3. I completely get that...happens every single time for me! Wish it didn't, but I'm learning to expect it and work through it. I call it the "Middle School Phase" where nothing fits. The eyes and ears don't fit the face, the teeth are all wonky and it doesn't yet know how to act. It's common to most every artist I know...don't let it hold you back! Keep on keepin' on!

  4. 'Fun' does not always produce good art.

  5. “Fun” means different things to different people. For me fun is connected to learning, the satisfaction of trying and achieving. It it were merely a steady diet of happy-smiley days in my studio I’d be bored rigid because I don’t find it satisfying. When I try to achieve a result, understand a concept, that’s when I celebrate. You have to practise your scales when you’re learning a musical instrument, learn the basics of reading, writing, grammar etc to write a book or poem. Not fun from memory but when you can play a piece with fluency, get your work published . . . that’s fun and worth a celebration!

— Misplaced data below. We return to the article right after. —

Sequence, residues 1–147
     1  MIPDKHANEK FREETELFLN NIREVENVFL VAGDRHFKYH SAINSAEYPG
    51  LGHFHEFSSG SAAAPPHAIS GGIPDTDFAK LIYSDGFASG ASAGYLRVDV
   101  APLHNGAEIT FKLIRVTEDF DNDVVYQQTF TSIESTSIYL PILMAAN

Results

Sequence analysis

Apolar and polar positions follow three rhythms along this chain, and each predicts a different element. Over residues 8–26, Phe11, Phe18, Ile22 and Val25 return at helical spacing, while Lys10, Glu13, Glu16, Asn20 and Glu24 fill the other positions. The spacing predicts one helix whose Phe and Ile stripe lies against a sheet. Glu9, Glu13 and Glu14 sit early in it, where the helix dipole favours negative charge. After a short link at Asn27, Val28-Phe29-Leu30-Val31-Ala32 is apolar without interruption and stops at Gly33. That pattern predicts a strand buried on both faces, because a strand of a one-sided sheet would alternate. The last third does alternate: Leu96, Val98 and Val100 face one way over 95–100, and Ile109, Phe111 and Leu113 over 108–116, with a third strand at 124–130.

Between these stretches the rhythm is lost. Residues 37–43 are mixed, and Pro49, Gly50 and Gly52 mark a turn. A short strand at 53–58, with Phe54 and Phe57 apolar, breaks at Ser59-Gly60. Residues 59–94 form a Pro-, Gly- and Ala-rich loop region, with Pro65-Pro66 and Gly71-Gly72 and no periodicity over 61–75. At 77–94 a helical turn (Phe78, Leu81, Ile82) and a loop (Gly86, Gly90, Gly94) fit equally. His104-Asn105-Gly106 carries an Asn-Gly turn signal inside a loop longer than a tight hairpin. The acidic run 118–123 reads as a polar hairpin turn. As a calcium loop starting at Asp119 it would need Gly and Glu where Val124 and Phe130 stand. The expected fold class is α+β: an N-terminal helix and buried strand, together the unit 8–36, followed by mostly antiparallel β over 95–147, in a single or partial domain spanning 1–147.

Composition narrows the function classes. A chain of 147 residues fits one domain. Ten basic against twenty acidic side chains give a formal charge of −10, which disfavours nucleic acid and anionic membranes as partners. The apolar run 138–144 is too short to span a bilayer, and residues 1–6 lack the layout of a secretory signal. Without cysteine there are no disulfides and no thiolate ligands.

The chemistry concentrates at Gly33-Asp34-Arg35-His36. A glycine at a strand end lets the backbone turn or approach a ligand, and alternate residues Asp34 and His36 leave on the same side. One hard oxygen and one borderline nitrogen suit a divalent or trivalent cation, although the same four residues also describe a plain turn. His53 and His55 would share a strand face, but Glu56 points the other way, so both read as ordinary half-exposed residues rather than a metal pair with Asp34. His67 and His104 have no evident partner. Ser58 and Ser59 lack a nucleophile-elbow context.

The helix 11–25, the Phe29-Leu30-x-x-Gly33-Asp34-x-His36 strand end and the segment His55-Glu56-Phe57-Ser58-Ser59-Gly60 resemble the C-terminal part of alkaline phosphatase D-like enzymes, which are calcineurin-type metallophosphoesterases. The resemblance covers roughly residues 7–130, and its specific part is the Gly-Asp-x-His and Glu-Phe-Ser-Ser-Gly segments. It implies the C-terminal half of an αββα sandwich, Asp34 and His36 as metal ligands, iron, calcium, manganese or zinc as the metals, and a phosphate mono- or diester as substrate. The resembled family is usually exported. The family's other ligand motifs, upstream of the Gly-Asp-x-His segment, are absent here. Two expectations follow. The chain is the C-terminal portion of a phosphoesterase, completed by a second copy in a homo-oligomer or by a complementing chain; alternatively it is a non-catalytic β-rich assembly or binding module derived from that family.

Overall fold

Right now, I’m finishing the writing and packing up for an exhibition and it’s definitely NOT fun, but when it’s installed . . . my smile will tell you I’m having fun!

  6. Play doesn't produce consistent results. Practice does. Lots of meltdown, failure experience. Get up, dust off and do something again. What I learned from meltdowns in your classes is listen to directions and follow them. I got that. AND learned a bunch. Thank you. Still learning from you.

  7. Play doesn't always produce results that I want. Play and failure, critical review, paint again. Look with a critical eye. Paint more or pause and walk away or move to another piece. What I learned from you Jane is meltdowns are normal. Work through with them by your side, helping. Still learning from you. Thank you